Compare any two graphics cards:
GeForce 8800 GTS (G92) vs GeForce GT 640 DDR3
IntroThe GeForce 8800 GTS (G92) features a GPU core clock speed of 650 MHz, and the 512 MB of GDDR3 memory runs at 970 MHz through a 256-bit bus. It also is comprised of 128 SPUs, 64 Texture Address Units, and 16 ROPs.
Compare all that to the GeForce GT 640 DDR3, which has GPU clock speed of 900 MHz, and 2048 MB of DDR3 RAM set to run at 1782 MHz through a 128-bit bus. It also is made up of 384 Stream Processors, 32 Texture Address Units, and 16 ROPs.
Power Usage and Theoretical Benchmarks
Power Consumption (Max TDP)
In theory, the GeForce 8800 GTS (G92) should be a bit faster than the GeForce GT 640 DDR3 in general. (explain)
Texel RateThe GeForce 8800 GTS (G92) will be much (approximately 44%) faster with regards to AF than the GeForce GT 640 DDR3. (explain)
Pixel RateIf using a high screen resolution is important to you, then the GeForce GT 640 DDR3 is superior to the GeForce 8800 GTS (G92), by a large margin. (explain)
Please note that the above 'benchmarks' are all just theoretical - the results were calculated based on the card's specifications, and real-world performance may (and probably will) vary at least a bit.
Please note that the price comparisons are based on search keywords - sometimes it might show cards with very similar names that are not exactly the same as the one chosen in the comparison. We do try to filter out the wrong results as best we can, though.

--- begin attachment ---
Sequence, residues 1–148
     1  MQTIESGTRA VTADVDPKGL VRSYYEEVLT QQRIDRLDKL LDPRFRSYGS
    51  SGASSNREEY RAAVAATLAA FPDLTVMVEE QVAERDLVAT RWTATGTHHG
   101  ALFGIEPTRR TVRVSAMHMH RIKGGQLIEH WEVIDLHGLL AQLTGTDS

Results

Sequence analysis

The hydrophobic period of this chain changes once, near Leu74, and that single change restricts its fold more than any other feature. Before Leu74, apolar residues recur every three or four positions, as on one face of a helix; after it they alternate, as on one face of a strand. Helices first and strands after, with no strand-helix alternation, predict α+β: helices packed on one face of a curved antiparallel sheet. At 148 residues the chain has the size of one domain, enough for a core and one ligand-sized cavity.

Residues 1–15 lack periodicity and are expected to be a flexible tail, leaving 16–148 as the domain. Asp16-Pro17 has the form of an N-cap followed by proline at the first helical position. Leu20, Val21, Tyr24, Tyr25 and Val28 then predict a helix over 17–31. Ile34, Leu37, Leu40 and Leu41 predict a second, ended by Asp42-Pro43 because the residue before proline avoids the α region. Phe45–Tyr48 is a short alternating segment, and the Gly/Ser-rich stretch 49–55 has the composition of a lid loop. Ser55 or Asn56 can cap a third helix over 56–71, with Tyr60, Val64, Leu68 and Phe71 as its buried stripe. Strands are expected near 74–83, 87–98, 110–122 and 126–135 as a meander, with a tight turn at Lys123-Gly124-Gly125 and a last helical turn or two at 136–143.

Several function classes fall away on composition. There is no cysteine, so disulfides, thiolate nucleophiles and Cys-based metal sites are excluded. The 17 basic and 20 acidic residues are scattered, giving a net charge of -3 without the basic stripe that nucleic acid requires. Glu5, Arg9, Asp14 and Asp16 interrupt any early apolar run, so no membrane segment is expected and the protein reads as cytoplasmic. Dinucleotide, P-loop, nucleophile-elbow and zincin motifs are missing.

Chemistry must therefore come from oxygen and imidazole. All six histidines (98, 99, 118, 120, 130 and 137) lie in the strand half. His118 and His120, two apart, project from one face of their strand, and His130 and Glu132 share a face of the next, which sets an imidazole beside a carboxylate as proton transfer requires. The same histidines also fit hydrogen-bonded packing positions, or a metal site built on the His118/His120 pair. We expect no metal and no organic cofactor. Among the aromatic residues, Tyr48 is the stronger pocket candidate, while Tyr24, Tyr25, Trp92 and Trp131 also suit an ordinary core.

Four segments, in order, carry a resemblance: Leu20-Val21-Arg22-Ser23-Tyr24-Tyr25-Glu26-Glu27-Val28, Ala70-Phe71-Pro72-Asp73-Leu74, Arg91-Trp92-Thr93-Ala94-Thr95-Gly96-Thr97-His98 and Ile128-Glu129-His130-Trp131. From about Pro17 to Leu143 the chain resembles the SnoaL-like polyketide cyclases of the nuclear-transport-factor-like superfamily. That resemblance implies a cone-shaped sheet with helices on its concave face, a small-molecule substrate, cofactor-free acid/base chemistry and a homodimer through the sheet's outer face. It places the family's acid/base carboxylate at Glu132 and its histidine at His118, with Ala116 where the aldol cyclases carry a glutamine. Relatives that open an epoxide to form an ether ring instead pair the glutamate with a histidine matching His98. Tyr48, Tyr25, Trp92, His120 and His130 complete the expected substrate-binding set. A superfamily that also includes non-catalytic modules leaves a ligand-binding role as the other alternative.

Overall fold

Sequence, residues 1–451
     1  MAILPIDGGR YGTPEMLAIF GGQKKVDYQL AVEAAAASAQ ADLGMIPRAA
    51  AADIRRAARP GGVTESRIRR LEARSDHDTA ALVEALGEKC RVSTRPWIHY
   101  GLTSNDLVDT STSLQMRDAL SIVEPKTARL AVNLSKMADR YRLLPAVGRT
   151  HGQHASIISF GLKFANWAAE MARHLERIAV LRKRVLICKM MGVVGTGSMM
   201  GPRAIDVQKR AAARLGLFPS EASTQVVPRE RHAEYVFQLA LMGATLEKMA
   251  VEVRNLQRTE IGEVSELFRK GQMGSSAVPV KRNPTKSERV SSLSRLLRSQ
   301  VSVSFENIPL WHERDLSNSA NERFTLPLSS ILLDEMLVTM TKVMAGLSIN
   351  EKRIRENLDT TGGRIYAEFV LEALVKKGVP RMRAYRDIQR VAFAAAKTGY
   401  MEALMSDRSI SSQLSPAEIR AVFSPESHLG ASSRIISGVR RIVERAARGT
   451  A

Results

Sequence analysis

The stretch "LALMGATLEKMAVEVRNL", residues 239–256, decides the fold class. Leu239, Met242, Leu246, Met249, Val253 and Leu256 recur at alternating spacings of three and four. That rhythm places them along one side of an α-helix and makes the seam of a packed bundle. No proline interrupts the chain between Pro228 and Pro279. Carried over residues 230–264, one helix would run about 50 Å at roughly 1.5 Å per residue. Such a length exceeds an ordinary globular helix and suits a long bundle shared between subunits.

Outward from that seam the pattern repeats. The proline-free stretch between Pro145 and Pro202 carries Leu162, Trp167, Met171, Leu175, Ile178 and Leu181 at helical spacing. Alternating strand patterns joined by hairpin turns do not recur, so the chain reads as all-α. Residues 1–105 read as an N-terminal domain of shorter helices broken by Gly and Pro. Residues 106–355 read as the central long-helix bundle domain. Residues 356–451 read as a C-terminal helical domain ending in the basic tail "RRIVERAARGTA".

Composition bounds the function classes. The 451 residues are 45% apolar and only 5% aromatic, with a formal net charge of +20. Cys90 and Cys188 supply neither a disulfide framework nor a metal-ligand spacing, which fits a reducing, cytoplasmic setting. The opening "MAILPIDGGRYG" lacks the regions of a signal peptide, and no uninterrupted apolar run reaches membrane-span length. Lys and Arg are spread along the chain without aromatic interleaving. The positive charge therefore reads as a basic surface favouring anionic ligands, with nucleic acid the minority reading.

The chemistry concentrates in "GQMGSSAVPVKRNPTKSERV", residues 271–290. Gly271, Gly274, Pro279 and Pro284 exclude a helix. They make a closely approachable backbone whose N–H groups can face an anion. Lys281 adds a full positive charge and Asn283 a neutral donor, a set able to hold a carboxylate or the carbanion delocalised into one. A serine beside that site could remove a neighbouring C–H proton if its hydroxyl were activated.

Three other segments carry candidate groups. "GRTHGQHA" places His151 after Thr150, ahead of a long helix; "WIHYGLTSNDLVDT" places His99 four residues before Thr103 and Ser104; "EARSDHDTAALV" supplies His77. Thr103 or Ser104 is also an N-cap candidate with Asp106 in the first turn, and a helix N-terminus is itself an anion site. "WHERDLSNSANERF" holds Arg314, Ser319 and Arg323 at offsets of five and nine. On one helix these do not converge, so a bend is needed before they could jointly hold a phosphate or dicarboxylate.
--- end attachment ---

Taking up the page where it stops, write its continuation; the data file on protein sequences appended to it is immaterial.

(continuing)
Memory Bandwidth: Memory bandwidth is the max amount of data (in units of MB per second) that can be transported past the external memory interface within a second. It's worked out by multiplying the bus width by its memory speed. If it uses DDR type memory, it must be multiplied by 2 once again. If it uses DDR5, multiply by ANOTHER 2x. The better the memory bandwidth, the better the card will be in general. It especially helps with AA, High Dynamic Range and higher screen resolutions.
Texel Rate: Texel rate is the maximum amount of texture map elements (texels) that are processed per second. This number is worked out by multiplying the total amount of texture units by the core clock speed of the chip. The higher this number, the better the video card will be at texture filtering (anisotropic filtering - AF). It is measured in millions of texels processed in a second.
Pixel Rate: Pixel rate is the maximum number of pixels the graphics card could possibly write to its local memory per second - measured in millions of pixels per second. Pixel rate is calculated by multiplying the amount of Render Output Units by the the card's clock speed. ROPs (Raster Operations Pipelines - sometimes also referred to as Render Output Units) are responsible for outputting the pixels (image) to the screen. The actual pixel output rate also depends on lots of other factors, most notably the memory bandwidth of the card - the lower the memory bandwidth is, the lower the potential to get to the maximum fill rate.